A novel technique for projection-type electron-beam lithography

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A novel technique for projection-type electron-beam lithography Powered By Docstoc

A novel technique for
projection-type electron-beam
Ki-Bum Kim

Atomic images obtained from high-resolution transmission electron
microscopy can serve as a template for producing a variety of useful

One of the challenges of nanotechnology is to fabricate
nanometer-scale features of uniform size and shape, and with
acceptable speed. Such materials will have a wide range of
applications, for example, in developing the future generation
of electronic, optical, magnetic, and biological devices, due to
their novel and significantly improved physical, chemical, and
biological properties. Most top-down approaches to making
nanoscale features attempted to date, such as electron-beam
lithography and probe tip-based lithography, show good con-
trollability but unsatisfactory throughput. In contrast, bottom-
up methods, such as gas-phase and liquid-phase synthesis of
quantum dots and quantum wires, pose challenges in control-
ling size and shape. Here, we propose a novel technique for pro-
ducing various nanostructures based on crystalline lattice im-
ages obtained from high-resolution transmission electron mi-           Figure 1. HRTEM image of a silicon (Si) [110] crystallographic zone
croscopy (HRTEM).                                                      axis.
   Since the invention of TEM by Max Knoll and Ernst Ruska in
1931,1 the resolution of the microscope has undergone drastic
                                                                       whether these images can be used as a template to actually make
improvement, currently extending down to tenths of nanome-
                                                                       nanoscale dot features. This is precisely the problem we set out
ters. In the 1950s, James Menter2 managed to obtain lattice-
                                                                       to solve.
fringe images using phase-contrast interference signals between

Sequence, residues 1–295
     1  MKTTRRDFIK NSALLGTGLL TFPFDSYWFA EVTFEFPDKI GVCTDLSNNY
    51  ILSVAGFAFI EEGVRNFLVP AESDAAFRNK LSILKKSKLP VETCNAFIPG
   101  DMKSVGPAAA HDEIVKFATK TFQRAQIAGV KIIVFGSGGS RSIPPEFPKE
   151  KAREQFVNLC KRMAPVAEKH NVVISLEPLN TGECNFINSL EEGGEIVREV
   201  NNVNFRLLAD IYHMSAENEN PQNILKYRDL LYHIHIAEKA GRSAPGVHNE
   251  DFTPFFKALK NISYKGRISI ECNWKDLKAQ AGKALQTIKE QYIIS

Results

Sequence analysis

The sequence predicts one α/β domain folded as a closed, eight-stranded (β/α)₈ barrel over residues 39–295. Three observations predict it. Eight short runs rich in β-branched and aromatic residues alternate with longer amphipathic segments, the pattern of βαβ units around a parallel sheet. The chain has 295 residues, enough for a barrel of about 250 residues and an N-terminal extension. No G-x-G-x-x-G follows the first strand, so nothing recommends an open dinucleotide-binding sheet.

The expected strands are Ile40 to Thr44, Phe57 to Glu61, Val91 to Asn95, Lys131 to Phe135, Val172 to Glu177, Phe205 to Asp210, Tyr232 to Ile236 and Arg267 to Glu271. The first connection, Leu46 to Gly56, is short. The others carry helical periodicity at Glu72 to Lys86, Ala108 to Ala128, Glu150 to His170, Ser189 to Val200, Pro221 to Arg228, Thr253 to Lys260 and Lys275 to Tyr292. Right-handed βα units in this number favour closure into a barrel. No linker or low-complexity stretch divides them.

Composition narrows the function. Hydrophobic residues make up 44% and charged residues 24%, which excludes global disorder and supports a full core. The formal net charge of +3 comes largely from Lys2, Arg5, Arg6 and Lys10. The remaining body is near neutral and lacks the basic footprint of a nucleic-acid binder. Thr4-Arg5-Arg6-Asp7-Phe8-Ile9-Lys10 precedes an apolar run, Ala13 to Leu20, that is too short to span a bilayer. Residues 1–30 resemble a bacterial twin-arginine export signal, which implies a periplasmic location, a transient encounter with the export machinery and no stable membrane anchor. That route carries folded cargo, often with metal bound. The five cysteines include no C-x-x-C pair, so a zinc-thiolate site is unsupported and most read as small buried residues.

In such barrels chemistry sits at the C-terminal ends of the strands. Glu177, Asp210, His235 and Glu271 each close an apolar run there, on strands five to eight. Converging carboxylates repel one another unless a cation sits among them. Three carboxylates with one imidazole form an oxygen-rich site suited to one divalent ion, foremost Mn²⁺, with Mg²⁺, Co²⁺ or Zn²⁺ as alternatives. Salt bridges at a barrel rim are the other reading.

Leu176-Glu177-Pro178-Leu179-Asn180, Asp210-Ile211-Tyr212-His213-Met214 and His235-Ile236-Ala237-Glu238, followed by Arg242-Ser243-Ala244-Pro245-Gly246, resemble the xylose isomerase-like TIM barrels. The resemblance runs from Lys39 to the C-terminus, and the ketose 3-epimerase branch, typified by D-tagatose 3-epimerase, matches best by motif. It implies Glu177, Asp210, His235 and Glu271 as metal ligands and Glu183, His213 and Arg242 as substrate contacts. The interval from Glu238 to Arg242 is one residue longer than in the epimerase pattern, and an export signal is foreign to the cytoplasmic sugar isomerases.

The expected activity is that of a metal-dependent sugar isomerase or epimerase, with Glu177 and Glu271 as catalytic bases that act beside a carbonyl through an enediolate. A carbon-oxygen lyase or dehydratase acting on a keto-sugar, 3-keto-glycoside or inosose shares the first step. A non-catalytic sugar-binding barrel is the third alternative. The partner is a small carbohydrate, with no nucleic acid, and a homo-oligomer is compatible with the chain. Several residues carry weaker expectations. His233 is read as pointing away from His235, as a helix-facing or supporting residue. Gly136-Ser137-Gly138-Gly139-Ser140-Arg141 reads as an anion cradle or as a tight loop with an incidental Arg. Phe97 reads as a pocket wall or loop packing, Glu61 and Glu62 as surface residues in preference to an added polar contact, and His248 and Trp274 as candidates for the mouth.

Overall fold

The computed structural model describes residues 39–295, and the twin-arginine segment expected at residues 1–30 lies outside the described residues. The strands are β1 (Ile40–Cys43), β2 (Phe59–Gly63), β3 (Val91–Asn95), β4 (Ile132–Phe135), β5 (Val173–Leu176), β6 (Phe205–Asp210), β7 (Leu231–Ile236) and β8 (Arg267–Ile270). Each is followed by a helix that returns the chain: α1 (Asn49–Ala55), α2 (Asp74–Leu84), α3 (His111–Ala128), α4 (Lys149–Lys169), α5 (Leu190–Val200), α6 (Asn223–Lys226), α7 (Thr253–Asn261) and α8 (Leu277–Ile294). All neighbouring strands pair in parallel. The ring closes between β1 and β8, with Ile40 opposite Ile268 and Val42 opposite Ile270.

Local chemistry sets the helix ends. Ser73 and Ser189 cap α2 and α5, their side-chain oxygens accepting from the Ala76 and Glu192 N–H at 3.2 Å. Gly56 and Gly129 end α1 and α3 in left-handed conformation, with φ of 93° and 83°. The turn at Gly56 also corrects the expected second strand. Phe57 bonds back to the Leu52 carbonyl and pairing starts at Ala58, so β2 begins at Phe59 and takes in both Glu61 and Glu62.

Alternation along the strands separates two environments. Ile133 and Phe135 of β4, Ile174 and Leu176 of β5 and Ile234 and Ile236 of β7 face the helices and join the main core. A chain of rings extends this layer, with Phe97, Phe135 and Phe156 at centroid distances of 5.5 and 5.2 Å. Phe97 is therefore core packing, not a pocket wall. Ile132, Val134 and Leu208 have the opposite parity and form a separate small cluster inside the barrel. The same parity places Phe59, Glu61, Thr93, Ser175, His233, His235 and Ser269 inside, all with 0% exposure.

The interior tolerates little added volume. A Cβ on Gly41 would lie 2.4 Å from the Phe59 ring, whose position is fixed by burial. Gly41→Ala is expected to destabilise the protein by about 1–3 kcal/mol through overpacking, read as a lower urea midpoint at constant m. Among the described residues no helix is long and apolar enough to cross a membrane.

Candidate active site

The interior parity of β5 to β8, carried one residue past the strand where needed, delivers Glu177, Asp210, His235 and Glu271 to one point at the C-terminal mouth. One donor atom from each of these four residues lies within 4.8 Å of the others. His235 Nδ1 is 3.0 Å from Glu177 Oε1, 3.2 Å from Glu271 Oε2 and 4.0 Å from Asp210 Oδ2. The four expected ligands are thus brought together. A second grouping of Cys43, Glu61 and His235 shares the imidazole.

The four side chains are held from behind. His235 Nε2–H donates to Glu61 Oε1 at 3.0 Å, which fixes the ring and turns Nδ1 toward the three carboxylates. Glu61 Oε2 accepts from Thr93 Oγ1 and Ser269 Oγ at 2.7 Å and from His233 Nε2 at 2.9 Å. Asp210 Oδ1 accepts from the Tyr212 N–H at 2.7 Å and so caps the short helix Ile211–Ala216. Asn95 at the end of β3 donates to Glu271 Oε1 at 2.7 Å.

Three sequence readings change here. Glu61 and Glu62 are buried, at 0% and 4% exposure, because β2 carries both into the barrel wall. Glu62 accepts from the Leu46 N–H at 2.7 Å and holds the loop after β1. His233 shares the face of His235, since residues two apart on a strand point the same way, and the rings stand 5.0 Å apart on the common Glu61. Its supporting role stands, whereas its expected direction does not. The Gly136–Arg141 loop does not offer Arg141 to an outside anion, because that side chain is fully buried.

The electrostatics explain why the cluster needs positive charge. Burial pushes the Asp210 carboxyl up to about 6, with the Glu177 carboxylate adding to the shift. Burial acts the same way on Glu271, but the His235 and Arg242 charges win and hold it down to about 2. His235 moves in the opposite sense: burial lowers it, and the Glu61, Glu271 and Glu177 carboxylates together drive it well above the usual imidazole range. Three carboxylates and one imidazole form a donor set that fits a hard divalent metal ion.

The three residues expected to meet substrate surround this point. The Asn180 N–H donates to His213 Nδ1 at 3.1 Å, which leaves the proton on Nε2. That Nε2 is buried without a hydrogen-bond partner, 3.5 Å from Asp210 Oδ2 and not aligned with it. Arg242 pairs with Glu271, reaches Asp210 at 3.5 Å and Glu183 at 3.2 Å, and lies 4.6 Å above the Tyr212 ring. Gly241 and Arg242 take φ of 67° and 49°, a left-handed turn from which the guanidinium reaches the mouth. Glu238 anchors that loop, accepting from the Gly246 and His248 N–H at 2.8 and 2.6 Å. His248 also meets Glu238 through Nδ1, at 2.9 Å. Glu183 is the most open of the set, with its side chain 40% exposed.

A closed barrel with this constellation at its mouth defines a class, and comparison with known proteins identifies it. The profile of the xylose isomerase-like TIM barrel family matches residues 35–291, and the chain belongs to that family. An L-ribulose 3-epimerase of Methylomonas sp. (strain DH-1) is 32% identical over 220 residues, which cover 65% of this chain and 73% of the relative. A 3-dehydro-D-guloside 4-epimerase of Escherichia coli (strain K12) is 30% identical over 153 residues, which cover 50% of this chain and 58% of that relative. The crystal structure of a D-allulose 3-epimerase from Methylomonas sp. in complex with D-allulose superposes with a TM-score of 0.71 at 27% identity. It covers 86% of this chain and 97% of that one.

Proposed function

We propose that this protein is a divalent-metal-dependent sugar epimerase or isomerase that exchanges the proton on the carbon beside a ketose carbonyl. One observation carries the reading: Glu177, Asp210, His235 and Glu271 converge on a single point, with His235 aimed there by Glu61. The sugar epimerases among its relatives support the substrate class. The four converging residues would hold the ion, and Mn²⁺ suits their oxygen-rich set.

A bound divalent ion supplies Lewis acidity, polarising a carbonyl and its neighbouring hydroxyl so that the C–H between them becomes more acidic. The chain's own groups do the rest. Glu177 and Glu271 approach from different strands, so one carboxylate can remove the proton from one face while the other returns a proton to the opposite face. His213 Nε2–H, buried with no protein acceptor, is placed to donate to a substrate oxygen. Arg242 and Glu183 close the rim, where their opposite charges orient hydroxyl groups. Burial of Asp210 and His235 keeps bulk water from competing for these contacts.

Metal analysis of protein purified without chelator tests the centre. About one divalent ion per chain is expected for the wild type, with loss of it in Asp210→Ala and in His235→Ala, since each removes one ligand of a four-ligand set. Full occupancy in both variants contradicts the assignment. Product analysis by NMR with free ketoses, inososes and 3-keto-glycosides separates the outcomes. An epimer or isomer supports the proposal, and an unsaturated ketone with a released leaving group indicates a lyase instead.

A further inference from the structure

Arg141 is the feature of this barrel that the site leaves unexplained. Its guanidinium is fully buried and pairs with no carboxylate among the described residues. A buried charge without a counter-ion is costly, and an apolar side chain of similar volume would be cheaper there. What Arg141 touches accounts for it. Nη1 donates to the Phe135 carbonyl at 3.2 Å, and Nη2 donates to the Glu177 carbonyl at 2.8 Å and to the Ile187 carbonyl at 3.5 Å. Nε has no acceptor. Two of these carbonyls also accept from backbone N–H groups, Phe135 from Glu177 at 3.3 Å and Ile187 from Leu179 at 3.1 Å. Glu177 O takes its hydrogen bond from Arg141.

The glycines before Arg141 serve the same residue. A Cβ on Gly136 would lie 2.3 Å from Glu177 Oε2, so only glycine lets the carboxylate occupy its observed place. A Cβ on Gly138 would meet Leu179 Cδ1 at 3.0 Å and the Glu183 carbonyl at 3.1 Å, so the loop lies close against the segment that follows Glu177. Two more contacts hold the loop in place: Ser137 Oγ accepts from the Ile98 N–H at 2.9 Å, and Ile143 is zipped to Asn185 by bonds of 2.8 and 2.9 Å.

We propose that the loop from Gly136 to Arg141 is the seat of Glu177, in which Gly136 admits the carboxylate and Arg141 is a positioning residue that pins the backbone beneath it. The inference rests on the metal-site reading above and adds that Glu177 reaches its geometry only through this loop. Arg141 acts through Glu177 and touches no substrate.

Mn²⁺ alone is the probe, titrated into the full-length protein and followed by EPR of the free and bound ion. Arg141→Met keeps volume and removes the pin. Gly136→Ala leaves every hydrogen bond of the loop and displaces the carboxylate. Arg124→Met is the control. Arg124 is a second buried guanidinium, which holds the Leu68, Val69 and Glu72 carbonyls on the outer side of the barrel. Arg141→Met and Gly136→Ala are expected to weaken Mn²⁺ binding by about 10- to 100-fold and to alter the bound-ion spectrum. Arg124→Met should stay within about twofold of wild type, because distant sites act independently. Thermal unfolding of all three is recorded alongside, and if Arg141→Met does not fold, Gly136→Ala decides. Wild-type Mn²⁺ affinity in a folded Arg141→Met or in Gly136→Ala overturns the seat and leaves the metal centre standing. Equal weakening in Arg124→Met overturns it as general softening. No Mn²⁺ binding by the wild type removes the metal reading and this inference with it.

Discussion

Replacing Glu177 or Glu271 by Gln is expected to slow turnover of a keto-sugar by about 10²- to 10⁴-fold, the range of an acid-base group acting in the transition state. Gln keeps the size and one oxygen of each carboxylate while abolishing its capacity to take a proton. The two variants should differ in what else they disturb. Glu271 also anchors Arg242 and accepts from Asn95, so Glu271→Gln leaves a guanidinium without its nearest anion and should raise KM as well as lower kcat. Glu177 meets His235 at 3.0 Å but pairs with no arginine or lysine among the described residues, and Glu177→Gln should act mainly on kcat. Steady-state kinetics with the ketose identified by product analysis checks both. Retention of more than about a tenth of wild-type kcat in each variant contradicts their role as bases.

In HRTEM, the image signal is first formed at the image plane
the transmitted beam and diffracted beam. As a result of these
                                                                       of the objective lens and then magnified further using a series of
advances, imaging the crystalline lattice of many different ma-
                                                                       intermediate and projection lenses to reveal the small-size fea-
terials to investigate their atomic structures has become com-
                                                                       tures. Typically, observing lattice-fringe images requires magni-
mon practice. For instance, Figure 1 shows a high-resolution
                                                                       fying up to several hundred thousand times. In our case, how-
phase-contrast image of silicon observed at the [110] crystallo-
                                                                       ever, we are interested using the image to make nanoscale pat-
graphic zone axis. The dots represent double columns of silicon
atoms separated by 0.33nm. Such atomic-scale images, achieved
using HRTEM, may well constitute the ultimate in what hu-
mans can currently observe in terms of size. The next question is                                                 Continued on next page
                                                                                                     10.1117/2.1200812.1396 Page 2/3

Figure 2. Atomic image projection electron-beam lithography hard-
ware. (a) Design diagram. (b) Ray diagram.

terns. Consequently, the magnification needed is somewhere be-
tween several ten to several hundred times, obtainable in one of
the conjugated image planes situated below the objective lens.
   To verify our concept experimentally, we modified a field-